When my daughter was two, so nearly four years later, I realised the pain I was experiencing couldn’t be from being pregnant anymore. My new GP was great, she had no problem referring me to an orthopaedic surgeon and a maxillo-facial specialist. When those didn’t produce any results (aside from a vague diagnosis of ‘myofascial syndrome’,and being  told I was incredibly flexible for my age) I knew I could rely on her to keep on with the search. Except, she then went and got married and moved to a different city. 

My next Gatekeeper GP claimed to be an expert on rheumatic matters. She referred me to a rheumatologist. Who took a few minutes to diagnose me with fibromyalgia. He claimed to be an expert also on osteoporosis so I asked for a referral for a DEXA scan, as I was worried about my bones due to being underweight. He told me I was ‘too young’ for such concerns, and that he wished all his patients were as thin as I was as it made my joints easier to examine. He then told me there was nothing he could do for my fibromyalgia and he didn’t need to see me again. This diagnosis did not sit well with me, as it was my joints and not my muscles that ached, and it was predominantly on my left side, whereas fibro usually consists of bilateral pain. 

So, I did some research and discovered that I was very Hypermobile, as were my two kids. I went back to my Gatekeeper, and asked whether she could refer me to be checked for Hypermobility Syndrome. That was when she laughed in my face. And told me that EDS was ‘as rare as hen’s teeth’ which meant I couldn’t have it. Luckily, I found a Rheumatologist who accepted self-referrals and I travelled across the country to see him. He diagnosed me and my son with EDS and said he was sure my daughter had it but couldn’t diagnose her formally as she was too young. As you can imagine, I  informed my GP of my diagnosis just before firing her. (She had also refused to refer my son for ASD assessment, saying he was too young to sit through it, even though he was four, which is the average age for assessment. She suggested I take parenting classes run by the Catholic diocese instead)

And so, I now have a new GP Gatekeeper. She has referred the kids to Paediatricians, me to a Cardiologist, and all three of us to Genetics. She never has a problem referring us anywhere. Though she has plenty to say on how she is put under pressure not to refer patients. Because of cutbacks and also a desire to make waiting lists appear shorter. You cannot add to the waiting list if you’re never put on it in the first place. She pushes back against this and refers her patients anyway.  You can see she really cares about them.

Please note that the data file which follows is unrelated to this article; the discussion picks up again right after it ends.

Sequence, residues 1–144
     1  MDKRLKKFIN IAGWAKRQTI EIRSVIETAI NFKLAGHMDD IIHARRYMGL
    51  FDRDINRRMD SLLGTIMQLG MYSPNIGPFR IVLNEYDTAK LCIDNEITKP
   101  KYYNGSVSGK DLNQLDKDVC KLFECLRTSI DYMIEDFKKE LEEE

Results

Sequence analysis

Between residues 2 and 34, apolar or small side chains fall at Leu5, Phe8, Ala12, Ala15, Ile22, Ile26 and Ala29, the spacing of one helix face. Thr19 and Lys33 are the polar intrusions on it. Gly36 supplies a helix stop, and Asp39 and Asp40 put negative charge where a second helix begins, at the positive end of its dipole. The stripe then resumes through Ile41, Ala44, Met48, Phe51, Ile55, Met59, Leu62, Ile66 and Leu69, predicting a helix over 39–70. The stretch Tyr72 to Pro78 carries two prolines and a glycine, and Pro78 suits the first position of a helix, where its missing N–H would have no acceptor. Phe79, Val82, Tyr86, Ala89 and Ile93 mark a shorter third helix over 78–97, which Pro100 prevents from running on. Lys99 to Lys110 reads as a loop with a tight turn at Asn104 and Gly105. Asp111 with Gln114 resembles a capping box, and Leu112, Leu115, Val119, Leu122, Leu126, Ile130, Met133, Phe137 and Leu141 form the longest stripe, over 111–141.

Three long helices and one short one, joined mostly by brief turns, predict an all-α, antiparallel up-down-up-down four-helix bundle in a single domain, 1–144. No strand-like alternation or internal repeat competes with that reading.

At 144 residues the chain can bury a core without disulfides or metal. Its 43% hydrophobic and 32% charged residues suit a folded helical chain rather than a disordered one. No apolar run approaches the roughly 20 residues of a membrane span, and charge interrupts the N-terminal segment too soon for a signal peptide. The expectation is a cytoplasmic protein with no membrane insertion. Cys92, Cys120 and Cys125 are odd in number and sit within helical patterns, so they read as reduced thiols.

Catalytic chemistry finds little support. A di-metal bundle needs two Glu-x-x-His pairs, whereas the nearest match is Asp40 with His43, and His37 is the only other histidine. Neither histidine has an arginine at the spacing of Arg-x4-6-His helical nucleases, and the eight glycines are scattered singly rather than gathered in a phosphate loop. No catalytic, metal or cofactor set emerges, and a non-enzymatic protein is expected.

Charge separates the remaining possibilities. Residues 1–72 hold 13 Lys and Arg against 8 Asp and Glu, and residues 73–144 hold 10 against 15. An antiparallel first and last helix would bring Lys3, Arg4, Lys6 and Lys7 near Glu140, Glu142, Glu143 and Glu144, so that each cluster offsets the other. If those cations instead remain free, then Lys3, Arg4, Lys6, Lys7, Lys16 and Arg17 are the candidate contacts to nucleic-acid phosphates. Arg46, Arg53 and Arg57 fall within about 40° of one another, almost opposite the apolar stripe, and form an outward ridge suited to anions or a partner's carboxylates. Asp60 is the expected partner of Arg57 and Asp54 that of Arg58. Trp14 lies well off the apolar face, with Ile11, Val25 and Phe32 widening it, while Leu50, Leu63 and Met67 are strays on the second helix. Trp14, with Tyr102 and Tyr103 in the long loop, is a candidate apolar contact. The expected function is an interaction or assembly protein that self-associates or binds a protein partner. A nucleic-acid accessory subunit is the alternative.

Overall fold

And yet…

EDS, fibro, POTS, neuropathy. These are all diagnosed by medical practitioners. 

Eating Disorders and Autism are diagnosed by mental health practitioners. 

My new GP is a lovely lady. She lives and works around the corner from me. Not even a five minute walk. Our children go to the same school. Our sons were in the same class last year. 

And so I am embarrassed and ashamed to admit to her that I might have an eating disorder. Or that I’m certain I’m autistic. There is an internal stigma against mental health issues there that I can’t seem to shake off. Especially seeing as to all intents and purposes, I appear ‘normal’. I’m not very thin, and don’t fear being fat, and as ARFID is such a ‘new’ eating disorder, even if I managed to ask for a referral, I’m not sure she’d believe me. Or even if she did, I’m not sure who she could refer me to. There are no good Eating Disorder experts in my town. No psychologist specialises in them. 

And as I’m an adult female who has spent a lifetime perfecting the art of ‘passing’ as Neurotypical, I’m not sure she’d believe me if I said I was sure I was autistic. And, again, if she did believe me, I’m not sure who she could refer me to. Most psychologists here only diagnose autism in children. There is a Psychiatrist in Dublin who might diagnose me, and he accepts self-referrals. But he only works privately. I’m actually thinking of bringing my daughter to see him, and can’t afford for him to see us both. Because even for children, getting a referral for public (and free) assessment is nearly impossible if you don’t show ‘obvious’ autistic presentation. And even after referral, the waiting list is nearly two years. 

But I also need to ask myself, even if I do make it past the Gatekeepers, and get a diagnosis, what then? I would not qualify for Inpatient Eating Disorder treatment, as I’m not skeletal enough. Here, they only take you in if you’re at risk of death. Similarly, for Outpatient psychological help, I’d need to be suicidal. I could go privately but at €180 for initial consult and €100 per hour after, I simply can’t afford it. And, like I say, nobody here specialises in eating disorder treatment.